Learn more about glass, including technical terms, characteristics and how it’s manufactured.
Since 1930, glass fiber has been considered one of the materials of the future because of its dielectrical qualities. The insulation of electrical conductors subjected to high temperatures was to provide E-glass filament (used on its own or with varnished or synthetic resins) with its first large-scale industrial application.
The general advantages of glass fibers
Mechanical strength: Glass filament has a greater specific resistance (tensile strength/volumetric mass) than steel. This characteristic is the primary reason for the use of glass strand in the production of high performance composites.
Electrical characteristics: Glass filament is used for a wide variety of applications because of its properties as an excellent electrical insulator, even at low thickness, combined with its mechanical strength and behavior in different temperatures.
Incombustibility: As a mineral material, glass strand is naturally incombustible. It neither propagates nor supports a flame. When exposed to heat, it emits neither smoke nor toxic products.
Dimensional stability: Glass filament is insensitive to variations in temperature and hygrometry and has a low coefficient of linear expansion.
Compatibility with organic matrices: The ability of glass strand to accept different types of size, which creates a bond between the glass and the matrix, and enables it to be combined with many synthetic resins, as well as certain mineral matrices (plaster, cement).
Non-roTting: Glass filament does not deteriorate or rot and is not affected by the action of insects and rodents.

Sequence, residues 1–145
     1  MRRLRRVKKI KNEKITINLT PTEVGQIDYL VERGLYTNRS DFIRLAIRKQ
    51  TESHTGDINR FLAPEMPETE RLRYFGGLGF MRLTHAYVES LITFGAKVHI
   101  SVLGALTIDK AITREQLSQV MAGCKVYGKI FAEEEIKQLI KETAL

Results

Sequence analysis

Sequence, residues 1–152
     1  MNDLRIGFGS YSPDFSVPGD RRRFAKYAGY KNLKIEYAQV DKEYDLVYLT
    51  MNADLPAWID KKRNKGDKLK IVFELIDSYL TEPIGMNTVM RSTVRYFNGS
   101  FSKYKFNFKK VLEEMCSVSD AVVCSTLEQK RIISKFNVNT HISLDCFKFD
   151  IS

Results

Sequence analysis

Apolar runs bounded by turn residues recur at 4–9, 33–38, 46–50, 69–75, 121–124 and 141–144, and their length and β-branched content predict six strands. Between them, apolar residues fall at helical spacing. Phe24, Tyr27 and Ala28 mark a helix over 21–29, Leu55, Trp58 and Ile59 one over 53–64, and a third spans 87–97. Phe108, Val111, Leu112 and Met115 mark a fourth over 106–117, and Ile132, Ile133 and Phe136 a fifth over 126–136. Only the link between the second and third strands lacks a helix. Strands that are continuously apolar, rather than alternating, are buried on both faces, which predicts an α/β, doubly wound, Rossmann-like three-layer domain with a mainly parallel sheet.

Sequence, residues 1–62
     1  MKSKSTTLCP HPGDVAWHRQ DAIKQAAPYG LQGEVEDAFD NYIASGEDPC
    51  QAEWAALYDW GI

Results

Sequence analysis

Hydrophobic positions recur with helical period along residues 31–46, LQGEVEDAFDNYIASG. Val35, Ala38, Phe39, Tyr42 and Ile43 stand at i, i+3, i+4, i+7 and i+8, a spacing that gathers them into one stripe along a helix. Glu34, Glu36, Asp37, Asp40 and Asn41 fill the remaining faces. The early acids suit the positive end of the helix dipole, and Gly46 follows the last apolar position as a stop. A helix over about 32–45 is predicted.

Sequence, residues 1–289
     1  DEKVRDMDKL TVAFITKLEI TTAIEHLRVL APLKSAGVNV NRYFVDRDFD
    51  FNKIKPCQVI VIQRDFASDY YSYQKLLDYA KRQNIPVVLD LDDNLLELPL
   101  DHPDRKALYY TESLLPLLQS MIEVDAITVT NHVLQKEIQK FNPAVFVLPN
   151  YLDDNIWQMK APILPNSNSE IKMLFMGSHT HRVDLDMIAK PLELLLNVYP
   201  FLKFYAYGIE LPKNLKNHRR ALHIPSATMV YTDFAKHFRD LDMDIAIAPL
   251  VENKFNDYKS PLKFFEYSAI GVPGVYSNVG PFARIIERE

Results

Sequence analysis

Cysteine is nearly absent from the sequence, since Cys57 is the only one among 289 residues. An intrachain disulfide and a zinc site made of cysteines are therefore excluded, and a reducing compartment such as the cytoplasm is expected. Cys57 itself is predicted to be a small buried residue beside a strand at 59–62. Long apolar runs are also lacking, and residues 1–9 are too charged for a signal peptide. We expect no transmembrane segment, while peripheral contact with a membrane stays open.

Low thermal conductivity: This characteristic is highly valued in the building industry, where the use of glass strand composites makes it possible to eliminate thermal bridging, enabling considerable heat savings.
Dielectric permeability: This is essential in applications such as radomes, electromagnetic windows and more.
Integration of functions: Glass strand composite material can be used to produce one-piece parts, which integrate several functions and replace several assembled parts.
High resistance to chemical agents: When combined with appropriate resins, composites with this characteristic can be made from glass filament.
The general advantages of composites reinforced with glass strands
Lightness: Reinforced plastic parts help save weight compared to steel parts (up to 30% lighter) with similar thermo-mechanical properties.
Easy to shape: Glass strands help reinforce parts with multiple sizes and shapes, from vessels to hollow parts (pipes), pultruded and long parts, complex parts (inlet manifold or electrical components, façade decoration) and small or very thin parts (electrical cables, printed circuit boards).
Integration of functions: One of the main advantages of composites is that a part with multiple functions can be made in a single step. By combining complexity of shapes, lightness, dimensional accuracy, high thermo-mechanical properties and reliability, composites meet new functional needs for motor vehicles.
Dielectric and thermo-mechanical properties: Composite parts and materials, including glass strands, demonstrate many performances: tensile strength, flexural impact strength, compression strength, interlaminar shear strength, fire resistance, deflection under load, water absorption, moisture absorption, resistance to cracking, breaking, splitting, abrasion, corrosion resistance and chemical resistance.
Improvement in surface finish: Glass reinforcements (mats, tissues), when added or molded with other materials, help improve their surface aspect as they allow a uniform impregnation (with resins) and are not subject to cracking, breaking or splitting.
Recyclability: Owing to different technical methods, recycling of glass strand is now possible, as is the recycling of thermoplastic or thermoset glass reinforced parts.